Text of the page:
2.50
Hdl Handle:
http://hdl.handle.net/10755/211537
Type:
Research Study
Title:
“I FEEL SO OUT OF PLACE:” HEALTHCARE EXPERIENCES OF WOMEN COMBAT VETERANS
Abstract:
Purposes/Aims: The purpose of this exploratory study was to develop an understanding of the healthcare experiences of women veterans returning from service in the current wars in Iraq and Afghanistan. Rationale/Conceptual Basis/Background: Although the Veteran’s Administration projects that the number of women veterans accessing healthcare will more than double in the next five years, fewer than 50% of those returning home will seek healthcare at a Veteran’s Administration facility. The majority of these women veterans will be of childbearing age and many will have served multiple tours of duty in combat settings in Iraq and/or Afghanistan. They will return home with unique mental and physical healthcare needs related to their military service, but fewer than 50% will seek care in a VA clinic or other facility. Unless community healthcare providers become more aware of healthcare needs that arise from combat and combat support services, these women combat veterans may receive care that does not fully address their needs. Enhanced understanding of the healthcare experiences of women veterans can lead to the development of care that is better suited to meet their needs; ultimately, this will result in improved health outcomes for women who have served in combat settings. Methods: Nineteen women participated in interviews for this community-based qualitative study. Based on their initial interviews, two women were selected for inclusion in a separate case study and their interviews were not analyzed as part of this study. The seventeen remaining participants completed semi-structured interviews lasting approximately two hours within one year of returning from duty in Iraq or Afghanistan. All participants completed one interview; eight also completed a second interview to discuss issues related to childbirth and mothering. Audio and transcribed data were analyzed using a multi-staged narrative approach. Results: Results describe healthcare experiences both during and following deployment. Negative experiences during and following deployment included the absence of consistent assessment that allowed discussion of service-related health concerns, general lack of gender-sensitive care for issues related to reproductive health, perceived inadequate treatment for overuse-type orthopedic injuries, perceived lack of privacy, and/or confidentiality, and difficulties in obtaining supportive care for mental health issues such as depression, anxiety, marital/relationship discord, and/or symptoms of post-traumatic stress disorder. Upon return to the United States, participants who wished to remain actively involved in their military units were reluctant to seek care for mental and/or physical health concerns for fear of mandatory separation from their units. Healthcare-related fear and anxiety were heightened when healthcare providers were male and/or of middle-eastern ethnicity. Implications: Further study is needed to evaluate stressors and identify opportunities for improved care and further support for women combat veterans and especially for dual-military families, childbearing women veterans, and services designed to address the needs of families with school-age and adolescent children. A study being planned by the author will include quantitative measures of wellbeing, health status, and quality of life in addition to a continued focus on the stories of healthcare experiences and needs told by women combat veterans who find themselves back at home.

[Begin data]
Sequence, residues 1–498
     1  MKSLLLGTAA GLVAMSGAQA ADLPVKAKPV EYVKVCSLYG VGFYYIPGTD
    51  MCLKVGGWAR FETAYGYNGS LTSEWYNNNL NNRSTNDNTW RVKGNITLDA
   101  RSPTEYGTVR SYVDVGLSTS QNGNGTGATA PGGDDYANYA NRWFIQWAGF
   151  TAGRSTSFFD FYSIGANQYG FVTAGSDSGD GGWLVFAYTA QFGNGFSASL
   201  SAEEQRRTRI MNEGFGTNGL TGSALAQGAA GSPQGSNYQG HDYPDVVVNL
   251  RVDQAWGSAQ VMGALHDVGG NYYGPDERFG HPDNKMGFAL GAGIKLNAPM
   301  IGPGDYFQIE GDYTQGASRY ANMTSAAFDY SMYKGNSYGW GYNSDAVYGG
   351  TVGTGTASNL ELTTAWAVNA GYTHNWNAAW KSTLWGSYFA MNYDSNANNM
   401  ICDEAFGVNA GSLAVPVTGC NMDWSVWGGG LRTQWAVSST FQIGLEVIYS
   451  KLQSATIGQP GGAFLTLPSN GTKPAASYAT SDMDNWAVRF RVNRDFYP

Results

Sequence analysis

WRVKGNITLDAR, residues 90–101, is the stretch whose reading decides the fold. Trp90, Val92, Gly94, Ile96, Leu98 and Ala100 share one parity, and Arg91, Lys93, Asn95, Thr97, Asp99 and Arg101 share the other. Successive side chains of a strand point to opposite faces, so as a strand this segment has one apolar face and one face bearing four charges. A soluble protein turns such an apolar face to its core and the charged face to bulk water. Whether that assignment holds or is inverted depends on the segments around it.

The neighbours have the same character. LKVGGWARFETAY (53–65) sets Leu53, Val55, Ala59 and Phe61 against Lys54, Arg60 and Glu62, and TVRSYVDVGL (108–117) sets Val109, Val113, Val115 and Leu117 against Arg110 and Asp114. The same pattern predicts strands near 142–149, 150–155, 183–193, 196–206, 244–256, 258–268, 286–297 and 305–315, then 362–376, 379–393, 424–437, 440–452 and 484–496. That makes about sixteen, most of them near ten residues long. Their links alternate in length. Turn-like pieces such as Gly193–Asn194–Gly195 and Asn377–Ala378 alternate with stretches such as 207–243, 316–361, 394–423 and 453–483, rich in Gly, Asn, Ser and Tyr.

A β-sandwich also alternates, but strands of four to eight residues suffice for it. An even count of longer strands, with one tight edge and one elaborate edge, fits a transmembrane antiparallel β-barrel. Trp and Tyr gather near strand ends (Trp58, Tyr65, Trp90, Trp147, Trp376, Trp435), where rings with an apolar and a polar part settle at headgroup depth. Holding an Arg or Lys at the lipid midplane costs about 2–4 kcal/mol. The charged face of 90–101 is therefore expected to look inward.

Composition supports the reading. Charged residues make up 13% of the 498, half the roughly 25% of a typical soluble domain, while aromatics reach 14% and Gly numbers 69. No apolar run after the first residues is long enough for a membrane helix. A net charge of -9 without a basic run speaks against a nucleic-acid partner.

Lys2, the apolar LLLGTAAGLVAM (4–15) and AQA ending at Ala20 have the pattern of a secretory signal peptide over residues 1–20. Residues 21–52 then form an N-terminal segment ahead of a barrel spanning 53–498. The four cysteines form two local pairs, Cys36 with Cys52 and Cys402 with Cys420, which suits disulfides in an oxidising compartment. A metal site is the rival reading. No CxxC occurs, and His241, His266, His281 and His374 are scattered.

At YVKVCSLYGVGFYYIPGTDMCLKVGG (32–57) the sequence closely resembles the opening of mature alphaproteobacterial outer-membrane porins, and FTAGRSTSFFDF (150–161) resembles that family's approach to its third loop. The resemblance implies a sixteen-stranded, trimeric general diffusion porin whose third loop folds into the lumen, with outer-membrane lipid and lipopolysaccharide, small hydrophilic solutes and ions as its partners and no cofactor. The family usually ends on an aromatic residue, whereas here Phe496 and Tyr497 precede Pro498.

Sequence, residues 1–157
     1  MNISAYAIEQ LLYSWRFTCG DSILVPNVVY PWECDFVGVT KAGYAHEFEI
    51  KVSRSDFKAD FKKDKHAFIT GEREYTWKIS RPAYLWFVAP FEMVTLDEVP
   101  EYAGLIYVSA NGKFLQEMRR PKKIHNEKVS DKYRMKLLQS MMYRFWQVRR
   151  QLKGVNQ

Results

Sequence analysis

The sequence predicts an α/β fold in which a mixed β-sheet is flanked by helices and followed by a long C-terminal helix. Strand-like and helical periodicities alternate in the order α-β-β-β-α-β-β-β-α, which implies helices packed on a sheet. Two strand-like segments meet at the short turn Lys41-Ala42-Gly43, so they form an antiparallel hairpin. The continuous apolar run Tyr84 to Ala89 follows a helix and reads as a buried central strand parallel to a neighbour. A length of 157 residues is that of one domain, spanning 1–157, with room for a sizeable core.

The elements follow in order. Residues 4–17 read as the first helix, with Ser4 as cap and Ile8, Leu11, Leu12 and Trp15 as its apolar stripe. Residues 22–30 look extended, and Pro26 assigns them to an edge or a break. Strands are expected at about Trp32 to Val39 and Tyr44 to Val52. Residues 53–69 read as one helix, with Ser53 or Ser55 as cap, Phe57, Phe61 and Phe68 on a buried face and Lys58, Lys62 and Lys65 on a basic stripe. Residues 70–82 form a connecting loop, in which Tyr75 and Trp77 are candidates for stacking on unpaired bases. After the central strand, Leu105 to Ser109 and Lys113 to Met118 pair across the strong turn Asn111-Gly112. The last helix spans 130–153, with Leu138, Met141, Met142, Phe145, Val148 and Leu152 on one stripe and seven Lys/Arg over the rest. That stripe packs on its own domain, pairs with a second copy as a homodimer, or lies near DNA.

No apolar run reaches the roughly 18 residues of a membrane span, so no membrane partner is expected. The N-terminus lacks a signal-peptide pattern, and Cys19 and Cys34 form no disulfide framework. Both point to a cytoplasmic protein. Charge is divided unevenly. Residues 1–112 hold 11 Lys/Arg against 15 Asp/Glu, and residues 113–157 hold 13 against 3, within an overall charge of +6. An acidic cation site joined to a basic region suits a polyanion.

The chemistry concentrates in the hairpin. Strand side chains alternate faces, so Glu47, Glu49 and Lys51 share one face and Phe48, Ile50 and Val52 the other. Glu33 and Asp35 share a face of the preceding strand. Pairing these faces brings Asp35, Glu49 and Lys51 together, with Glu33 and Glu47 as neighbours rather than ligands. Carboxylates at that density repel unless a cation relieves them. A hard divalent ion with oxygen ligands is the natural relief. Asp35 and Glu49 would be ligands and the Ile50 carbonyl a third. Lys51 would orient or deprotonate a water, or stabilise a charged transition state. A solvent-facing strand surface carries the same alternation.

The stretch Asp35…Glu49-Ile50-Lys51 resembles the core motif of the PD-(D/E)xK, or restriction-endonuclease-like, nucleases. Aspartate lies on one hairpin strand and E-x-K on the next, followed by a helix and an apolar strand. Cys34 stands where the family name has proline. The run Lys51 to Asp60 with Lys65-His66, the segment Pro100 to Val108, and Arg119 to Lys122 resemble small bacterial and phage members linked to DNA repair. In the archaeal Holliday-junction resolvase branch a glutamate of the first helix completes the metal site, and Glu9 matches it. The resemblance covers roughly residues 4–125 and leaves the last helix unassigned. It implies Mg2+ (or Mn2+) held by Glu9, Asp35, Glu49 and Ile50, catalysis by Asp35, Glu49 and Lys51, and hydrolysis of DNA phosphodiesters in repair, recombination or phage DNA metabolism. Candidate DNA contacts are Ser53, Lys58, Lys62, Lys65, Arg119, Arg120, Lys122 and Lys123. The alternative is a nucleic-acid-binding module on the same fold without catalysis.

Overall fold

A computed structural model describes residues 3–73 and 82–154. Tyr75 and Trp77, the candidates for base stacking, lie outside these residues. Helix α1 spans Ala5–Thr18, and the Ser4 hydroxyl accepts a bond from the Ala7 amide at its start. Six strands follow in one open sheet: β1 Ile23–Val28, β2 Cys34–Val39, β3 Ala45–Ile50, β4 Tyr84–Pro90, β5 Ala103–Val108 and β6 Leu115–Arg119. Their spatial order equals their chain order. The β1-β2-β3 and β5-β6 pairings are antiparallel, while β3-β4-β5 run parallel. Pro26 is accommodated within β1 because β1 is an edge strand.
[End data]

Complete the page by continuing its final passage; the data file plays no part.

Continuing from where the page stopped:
Keywords:
Iraq war; Afghanistan war; Healthcare experiences; Women veterans
Repository Posting Date:
20-Feb-2012
Date of Publication:
20-Feb-2012
Other Identifiers:
5398
Sponsors:
Western Institute of Nursing

Full metadata record

DC FieldValue Language
dc.typeResearch Studyen_GB